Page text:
Utilities, like every other sector of our society, are exposed to a litany of threats to both their physical and cyber assets, as well as their financial well-being. The nature of the electric utility business makes generating plants, powerlines, substations and customer connections vulnerable and easily accessible to both physical and cyberattacks. Utilities’ operational and business systems have increased exposure to malfeasance by becoming more technology dependent and accessible in cyberspace. Exposure to cyberthreats could bring expansive public distress from potential attack-related outages or raids on sensitive customer and corporate data. The ever-increasing regulatory requirements challenge utilities to meet their regulatory obligations. Security specialists and reliability focused utility technologists will find this track has information that is current and important to their cyber-related tasks.
Transformational technologies have become a fact of life for most electric utilities. To succeed in the future, utilities must embrace rather than resist the disruptions caused by this industry evolution and turn them into opportunities. This track covers nontraditional and emerging trends, technologies and solutions that utilities are implementing to address evolving grid and customer needs and reduce their reliance on traditional transmission and distribution infrastructure technologies, while enabling new services and business opportunities. In addition, it comprises the business models, financing options and valuation of these trends and technologies. This track will include applications and integration of distributed energy resources (DER), such as renewable energy (like solar and wind), energy storage, demand response (DR) and electric vehicles (EV), as well as emerging electric utility business models and concepts.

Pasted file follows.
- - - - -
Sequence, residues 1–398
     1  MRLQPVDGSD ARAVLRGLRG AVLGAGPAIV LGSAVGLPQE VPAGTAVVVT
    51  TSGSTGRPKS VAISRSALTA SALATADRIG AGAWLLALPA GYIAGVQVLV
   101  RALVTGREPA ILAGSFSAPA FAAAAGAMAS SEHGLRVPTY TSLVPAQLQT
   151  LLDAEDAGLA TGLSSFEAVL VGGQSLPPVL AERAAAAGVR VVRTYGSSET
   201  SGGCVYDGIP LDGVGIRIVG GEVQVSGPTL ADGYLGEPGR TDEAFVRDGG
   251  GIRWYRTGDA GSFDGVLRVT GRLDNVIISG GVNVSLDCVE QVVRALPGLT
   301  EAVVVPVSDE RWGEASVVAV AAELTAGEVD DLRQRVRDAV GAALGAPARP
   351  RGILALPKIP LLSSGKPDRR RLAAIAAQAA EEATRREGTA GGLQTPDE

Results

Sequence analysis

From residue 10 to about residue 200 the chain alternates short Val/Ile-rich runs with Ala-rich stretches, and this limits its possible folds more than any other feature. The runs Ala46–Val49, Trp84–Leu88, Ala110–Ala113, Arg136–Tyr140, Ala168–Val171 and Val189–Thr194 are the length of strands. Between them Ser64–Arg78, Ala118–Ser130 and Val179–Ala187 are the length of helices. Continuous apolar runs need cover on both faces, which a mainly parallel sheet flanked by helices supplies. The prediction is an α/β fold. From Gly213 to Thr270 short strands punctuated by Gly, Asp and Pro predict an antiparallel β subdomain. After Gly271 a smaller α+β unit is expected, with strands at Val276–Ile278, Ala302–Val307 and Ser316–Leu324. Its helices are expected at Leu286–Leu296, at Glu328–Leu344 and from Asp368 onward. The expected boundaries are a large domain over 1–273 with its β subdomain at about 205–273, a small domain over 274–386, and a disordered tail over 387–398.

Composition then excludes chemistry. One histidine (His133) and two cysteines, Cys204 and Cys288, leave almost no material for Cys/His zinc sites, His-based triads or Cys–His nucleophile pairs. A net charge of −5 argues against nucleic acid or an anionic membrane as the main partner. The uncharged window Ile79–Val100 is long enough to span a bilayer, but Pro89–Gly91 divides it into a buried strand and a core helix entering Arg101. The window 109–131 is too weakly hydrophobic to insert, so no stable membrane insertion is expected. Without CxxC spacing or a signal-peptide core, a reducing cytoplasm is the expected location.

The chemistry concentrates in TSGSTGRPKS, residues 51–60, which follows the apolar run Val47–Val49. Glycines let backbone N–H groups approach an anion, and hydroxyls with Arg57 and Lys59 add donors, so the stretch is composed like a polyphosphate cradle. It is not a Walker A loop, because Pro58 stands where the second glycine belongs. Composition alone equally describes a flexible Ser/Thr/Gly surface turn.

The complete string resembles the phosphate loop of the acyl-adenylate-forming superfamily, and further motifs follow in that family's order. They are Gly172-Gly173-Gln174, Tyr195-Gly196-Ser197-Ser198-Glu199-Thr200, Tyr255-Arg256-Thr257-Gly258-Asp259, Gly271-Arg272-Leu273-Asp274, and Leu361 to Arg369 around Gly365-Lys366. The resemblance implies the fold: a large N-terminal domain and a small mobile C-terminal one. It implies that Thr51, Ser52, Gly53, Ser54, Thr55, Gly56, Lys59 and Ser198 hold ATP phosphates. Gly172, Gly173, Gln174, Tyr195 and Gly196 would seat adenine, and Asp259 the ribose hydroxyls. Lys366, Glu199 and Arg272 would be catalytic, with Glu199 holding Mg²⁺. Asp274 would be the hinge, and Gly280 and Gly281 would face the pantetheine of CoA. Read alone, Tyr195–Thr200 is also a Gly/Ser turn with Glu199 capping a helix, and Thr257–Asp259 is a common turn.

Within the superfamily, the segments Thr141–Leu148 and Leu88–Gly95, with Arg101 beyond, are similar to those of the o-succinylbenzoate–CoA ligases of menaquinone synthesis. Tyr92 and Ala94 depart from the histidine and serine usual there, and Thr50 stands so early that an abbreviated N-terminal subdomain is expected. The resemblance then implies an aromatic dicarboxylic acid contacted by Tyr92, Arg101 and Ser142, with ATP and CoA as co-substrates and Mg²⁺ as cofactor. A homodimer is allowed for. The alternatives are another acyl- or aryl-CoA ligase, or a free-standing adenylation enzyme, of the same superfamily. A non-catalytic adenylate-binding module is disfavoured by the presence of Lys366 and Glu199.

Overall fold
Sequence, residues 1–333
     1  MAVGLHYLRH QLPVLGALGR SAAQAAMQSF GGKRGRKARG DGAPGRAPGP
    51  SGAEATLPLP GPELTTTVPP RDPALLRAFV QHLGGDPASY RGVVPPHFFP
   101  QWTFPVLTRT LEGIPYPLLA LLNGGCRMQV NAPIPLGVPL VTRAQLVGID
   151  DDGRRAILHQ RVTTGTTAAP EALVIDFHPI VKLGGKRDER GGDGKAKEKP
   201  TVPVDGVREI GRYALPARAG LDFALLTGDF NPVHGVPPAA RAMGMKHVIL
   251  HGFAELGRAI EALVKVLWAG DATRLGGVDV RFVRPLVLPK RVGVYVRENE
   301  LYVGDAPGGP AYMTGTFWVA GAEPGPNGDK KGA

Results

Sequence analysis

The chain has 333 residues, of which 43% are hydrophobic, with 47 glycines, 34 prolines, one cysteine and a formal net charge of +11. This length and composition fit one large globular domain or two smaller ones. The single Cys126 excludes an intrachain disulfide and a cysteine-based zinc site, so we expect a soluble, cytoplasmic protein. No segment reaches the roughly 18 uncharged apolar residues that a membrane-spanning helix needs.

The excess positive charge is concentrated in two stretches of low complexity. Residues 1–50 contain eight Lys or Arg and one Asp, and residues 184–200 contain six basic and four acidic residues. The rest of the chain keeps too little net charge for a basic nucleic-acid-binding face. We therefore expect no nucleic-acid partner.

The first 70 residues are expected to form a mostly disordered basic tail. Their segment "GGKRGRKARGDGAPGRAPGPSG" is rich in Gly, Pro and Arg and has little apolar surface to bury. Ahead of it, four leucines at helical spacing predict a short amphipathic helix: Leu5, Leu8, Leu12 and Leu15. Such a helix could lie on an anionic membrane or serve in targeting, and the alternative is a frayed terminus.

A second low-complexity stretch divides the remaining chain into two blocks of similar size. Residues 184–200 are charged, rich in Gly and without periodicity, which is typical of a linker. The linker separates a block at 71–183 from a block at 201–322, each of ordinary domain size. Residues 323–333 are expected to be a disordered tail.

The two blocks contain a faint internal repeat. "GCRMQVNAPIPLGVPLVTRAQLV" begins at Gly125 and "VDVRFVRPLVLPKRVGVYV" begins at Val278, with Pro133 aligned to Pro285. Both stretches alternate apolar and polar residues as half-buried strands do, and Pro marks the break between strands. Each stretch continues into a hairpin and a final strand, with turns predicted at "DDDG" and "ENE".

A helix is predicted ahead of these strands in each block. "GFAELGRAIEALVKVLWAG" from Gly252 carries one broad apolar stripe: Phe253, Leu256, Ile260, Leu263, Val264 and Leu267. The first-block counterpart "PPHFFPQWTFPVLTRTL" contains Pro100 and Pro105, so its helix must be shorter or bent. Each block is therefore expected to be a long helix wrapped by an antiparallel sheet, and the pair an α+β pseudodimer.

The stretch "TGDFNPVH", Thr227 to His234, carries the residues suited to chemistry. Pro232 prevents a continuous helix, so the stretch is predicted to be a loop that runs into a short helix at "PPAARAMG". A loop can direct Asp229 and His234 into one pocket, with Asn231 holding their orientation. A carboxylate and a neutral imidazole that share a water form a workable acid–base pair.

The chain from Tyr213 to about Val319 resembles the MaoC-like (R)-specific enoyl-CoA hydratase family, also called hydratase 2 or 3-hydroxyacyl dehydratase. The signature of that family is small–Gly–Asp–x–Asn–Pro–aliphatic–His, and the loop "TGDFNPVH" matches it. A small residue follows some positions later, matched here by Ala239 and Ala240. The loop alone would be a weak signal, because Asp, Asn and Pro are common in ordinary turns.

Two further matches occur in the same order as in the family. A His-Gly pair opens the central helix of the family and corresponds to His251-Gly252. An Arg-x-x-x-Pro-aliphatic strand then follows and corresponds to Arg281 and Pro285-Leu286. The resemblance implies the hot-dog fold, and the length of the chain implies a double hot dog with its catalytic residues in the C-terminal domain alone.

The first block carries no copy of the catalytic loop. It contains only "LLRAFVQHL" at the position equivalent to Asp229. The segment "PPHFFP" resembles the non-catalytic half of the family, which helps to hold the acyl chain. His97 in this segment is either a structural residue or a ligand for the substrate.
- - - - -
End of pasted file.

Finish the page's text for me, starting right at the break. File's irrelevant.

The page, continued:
Successful feeder automation requires the integration of various technologies, including smart switching and protective devices, smart sensors, intelligent controls, telecommunication devices and infrastructure, along with analytical and simulation software, to facilitate real-time decisions and meet growing customer expectations. With smart distribution technology implementations, software tools are being developed to integrate information from dissimilar feeder devices and systems and summarize the information to facilitate and enhance decisions addressing reliability, conservation and power quality.
This track focuses on technologies, road maps and equipment used for distribution feeder automation development, including distribution automation, protection and control, fault location and service restoration; Volt/VAR optimization; smart sensors applied in DA or FLISR applications; and challenges and successes in implementing and integrating automation.
Utilities have always looked for ways to increase the reliability of systems that delivery electricity to their customers. In vertically integrated utilities, reliability was increased by refining transmission and distribution system design. The introduction of alternative energy sources and active energy markets has led to an increased focus on energy storage to maintain reliability. This track presents technology at the forefront, getting that technology to scale and the values of energy storage, as well results from actual utility projects.
This track focuses on leveraging technology, best practice business processes and centralized decision making to improve and enable real time decision making in power system operations. It offers a venue for the world’s utilities to share their experiences and gain new perspectives on the evolving power systems. Topics include outage and distribution management, storm response and damage assessment, centralized distribution and transmission operation and distributed energy impacts to grid management. The emphasis of the track centers on improving grid operations through automation, monitoring, control, optimization and analytics.